Why I crave collaboration

This article from World Conference Program Advisory Chair Stacy Wilson, ABC, is the next of a series of reflections on issues and innovations to be explored at the IABC World Conference.

Credit: rawpixel / 123RF Stock Photo“Why can’t you just tell us what to do?”

This question came to me while I was facilitating a client session to help the organization develop a governance model for a new intranet. The asker was a low-level manager who would eventually be tasked with day-to-day management of the global company’s new intranet. He was frustrated with the exercises on strategy, roles, policy and guidelines. He wanted me to dictate best practices to them.

My response at the time seemed self-evident: If I tell you what to do, you won’t own it, so you won’t do it and you’ll wind up in this same situation in a few years. I was focused on why it didn’t make sense for them.

Finding more reasons why collaboration matters

Having just finished reading Humans Are Underrated by Geoff Colvin (who will be a keynote speaker at the IABC World Conference), I’ve realized several other reasons to engage the client team in a collaborative process.

  1. If they learned how to do it now, they could more easily evolve their governance model.
  2. They would remember the experience better than if I simply told them what to do.
  3. If I see their facial expressions along the way I can help them get to an approach that better fits them and their organization.
  4. I crave the collaborative process.

This first bit struck me in particular. Colvin says “…in real life, and especially in organizational life, we keep changing our conception of what the problem is and what our goals are.” I think it is that constant change that demands that organizations continue to evolve their governance models for the digital workplace. More importantly, he continues “…they must do it in groups… partly because groups can solve problems far better than any individual can.”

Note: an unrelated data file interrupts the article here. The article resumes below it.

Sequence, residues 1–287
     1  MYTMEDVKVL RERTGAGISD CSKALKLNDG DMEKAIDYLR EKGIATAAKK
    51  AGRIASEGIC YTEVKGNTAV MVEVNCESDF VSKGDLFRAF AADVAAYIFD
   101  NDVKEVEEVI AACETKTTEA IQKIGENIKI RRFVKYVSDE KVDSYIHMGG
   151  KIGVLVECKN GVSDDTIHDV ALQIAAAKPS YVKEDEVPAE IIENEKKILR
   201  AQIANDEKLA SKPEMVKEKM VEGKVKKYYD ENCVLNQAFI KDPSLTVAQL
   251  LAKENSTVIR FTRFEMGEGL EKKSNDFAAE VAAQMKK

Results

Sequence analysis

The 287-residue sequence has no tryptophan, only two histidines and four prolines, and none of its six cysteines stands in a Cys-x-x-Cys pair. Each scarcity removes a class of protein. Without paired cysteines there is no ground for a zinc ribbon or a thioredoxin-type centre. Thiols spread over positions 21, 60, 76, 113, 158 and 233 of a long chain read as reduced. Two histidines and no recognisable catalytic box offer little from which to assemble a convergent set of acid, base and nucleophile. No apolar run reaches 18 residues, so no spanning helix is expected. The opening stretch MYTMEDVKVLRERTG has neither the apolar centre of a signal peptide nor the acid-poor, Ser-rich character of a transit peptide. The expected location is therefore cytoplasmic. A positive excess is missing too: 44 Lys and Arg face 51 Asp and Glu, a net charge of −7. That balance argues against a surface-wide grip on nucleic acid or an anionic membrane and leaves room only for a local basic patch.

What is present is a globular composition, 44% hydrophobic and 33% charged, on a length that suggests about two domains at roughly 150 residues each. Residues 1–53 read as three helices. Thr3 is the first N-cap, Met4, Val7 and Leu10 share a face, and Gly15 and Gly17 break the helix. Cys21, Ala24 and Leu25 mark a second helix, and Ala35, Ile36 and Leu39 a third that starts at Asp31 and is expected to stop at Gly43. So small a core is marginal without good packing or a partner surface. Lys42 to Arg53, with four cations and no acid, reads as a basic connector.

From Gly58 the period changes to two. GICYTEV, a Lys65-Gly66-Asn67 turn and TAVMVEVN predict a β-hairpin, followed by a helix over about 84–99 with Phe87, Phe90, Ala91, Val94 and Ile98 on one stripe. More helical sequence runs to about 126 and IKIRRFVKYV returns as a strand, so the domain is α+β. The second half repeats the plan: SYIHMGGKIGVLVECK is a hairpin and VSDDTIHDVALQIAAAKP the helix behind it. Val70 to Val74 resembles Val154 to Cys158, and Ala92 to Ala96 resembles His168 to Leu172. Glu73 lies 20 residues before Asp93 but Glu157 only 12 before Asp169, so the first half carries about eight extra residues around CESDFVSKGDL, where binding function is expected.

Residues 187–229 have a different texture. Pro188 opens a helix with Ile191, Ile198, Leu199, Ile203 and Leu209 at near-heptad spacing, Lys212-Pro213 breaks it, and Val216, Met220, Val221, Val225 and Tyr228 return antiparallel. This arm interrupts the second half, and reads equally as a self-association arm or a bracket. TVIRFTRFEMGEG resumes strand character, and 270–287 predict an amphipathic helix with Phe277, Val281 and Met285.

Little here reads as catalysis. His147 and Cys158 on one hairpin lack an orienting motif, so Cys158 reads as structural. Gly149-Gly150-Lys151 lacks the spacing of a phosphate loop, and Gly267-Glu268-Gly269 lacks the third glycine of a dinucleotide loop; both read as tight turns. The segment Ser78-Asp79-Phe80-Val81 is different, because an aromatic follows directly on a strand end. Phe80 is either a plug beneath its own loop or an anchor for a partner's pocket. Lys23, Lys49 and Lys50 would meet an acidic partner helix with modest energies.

So, a group collaborative is just the right way to help an organization decide how best to govern their digital workplace. My telling them what to do is just the wrong way.

Built to socialize

Consider my last item in the bullets above: I crave the collaborative process. I really enjoy facilitating planning sessions. I love to watch the lights turn on in people’s eyes; I enjoy the give and take, push and pull between people as they work toward a better solution. I consider my collaborative approach with clients a differentiator for me in the marketplace, and I hope my clients find it to be a value-add.

Now, thanks to Colvin’s latest book, I understand that it is my nature, not just as a human, but also, as a woman. Colvin outlines what it is about we women that positions us perfectly for collaboration, people leadership and problem solving in the future workplace. One reason he proposes is:

“…women take a broader view. It’s true literally: Women’s peripheral vision is wider than men’s, while men focus more narrowly and at greater distance.”

Another insight: no wonder my clients sometimes don’t track with my view of the potential they are missing. I perceive things, see things and envision things differently than some of my clients. I’m well aware that I need to work hard to bridge this gap; perhaps what I’ve learned from Colvin will help me leverage my human nature to do just that.

This is of course not to dis the men in our profession; you guys are really great at other elements of the business process. Together, we can make powerful teams.

I highly recommend Colvin’s book. And, if you want a chance to hear from the author himself, join me in New Orleans at IABC’s World Conference, where Geoff Colvin himself will keynote. I can’t wait!

Register today!

 

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